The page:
Some people are under the mistaken impression that they failed the step test because they exceeded their target heart rate. Actually, the target heart rate is used by the test administrator to determine which stage of the step test you need to perform for us to get an accurate estimate of your fitness level. Each stage involves stepping at a faster pace than the last stage. The test administrator takes each person to the stage in which their heart rate at the end of the stage exceeds their target heart rate. The heart rate at the end of the stage, the stepping rate, your body weight and some other information is then used to calculate your aerobic capacity. That is the indicator used to determine whether you’ll be able to perform the job for which you applied.
How can my current job be less demanding than the one I applied for? It seems the requirements are wrong or too high.
Since we haven’t measured the energy expenditure of your current job, we do not have a basis for comparison to the job for which you applied. We did scientifically measure the energy expenditure of the job for which you applied using a professionally-accepted method to determine the job requirement and pass/fail criteria for endurance.
How can someone else pass the test and not me when he/she is heavier than me?
The test measures an individual’s aerobic capacity, which is not necessarily related to an individual’s weight. If your friend passed the step test, it simply meant that his/her aerobic capacity was at a level that met or exceeded what is needed to be able to do the job.
How can someone else pass the test and not me when he/she is older than me?
The test measures an individual’s aerobic capacity, which is not necessarily related to an individual’s age. If your friend passed the step test, it simply meant that his/her aerobic capacity was at a level that met or exceeded what is needed to be able to do the job.
How can someone else pass the test and not me when he/she currently has a job with little or no physical demand?
The cutoff score for the step test is set on the basis of objective measurements of the energy expenditure requirements for that job. We actually collected energy expenditure and other data on that job as well as others like it to be able to come up with the cutoff. The method we used has been validated and is professionally-accepted.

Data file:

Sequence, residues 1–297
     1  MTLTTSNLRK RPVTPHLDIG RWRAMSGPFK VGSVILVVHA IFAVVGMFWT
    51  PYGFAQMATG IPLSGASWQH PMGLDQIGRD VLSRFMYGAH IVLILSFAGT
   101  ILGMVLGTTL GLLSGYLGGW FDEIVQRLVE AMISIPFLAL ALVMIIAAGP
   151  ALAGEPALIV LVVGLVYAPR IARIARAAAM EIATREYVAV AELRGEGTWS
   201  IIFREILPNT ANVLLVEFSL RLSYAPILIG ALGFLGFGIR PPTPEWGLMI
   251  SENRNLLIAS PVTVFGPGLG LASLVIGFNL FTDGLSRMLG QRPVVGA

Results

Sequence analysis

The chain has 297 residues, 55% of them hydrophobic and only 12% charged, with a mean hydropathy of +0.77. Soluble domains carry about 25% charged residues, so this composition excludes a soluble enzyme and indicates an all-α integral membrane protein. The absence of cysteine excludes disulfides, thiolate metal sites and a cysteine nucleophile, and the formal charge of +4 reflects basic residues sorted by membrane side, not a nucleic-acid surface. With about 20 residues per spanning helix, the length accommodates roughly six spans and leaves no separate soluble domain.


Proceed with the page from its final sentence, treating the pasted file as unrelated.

I know I can do that job because I’ve done it in the past.
The fact that you’ve done the job in the past does not necessarily mean that you have the current physical capacity to perform it now. For instance, just as part of the natural aging process, our aerobic capacity tends to decrease with time. Also, no matter how high a level of conditioning we might reach, we can lose that conditioning very quickly if we do not stay active at the same level. That means you could have been at a level of physical fitness to be able to perform the job at one time, but even with as little as a month of decreased physical activity, your conditioning could fall below what the job requires.
The test administrator told me to lift what was comfortable for me, so I don’t understand how I failed the strength test.
The testing protocol calls for you to lift the maximum weight you feel you can lift safely. If you are certain you could lift more weight and stopped only because of the wording of the test administrator instructions, please contact us to discuss further.
I want a retest because I think the results are wrong. How do I get one?
The company you applied to should have a standard policy for reconsidering your application and retest. Please contact them directly for more details.
I wasn’t told in advance that I shouldn’t wear tight clothes, drink caffeine or smoke. Did this affect my test results?
If you were not given any of these instructions prior to testing from the company to which you applied, please contact us using the form below.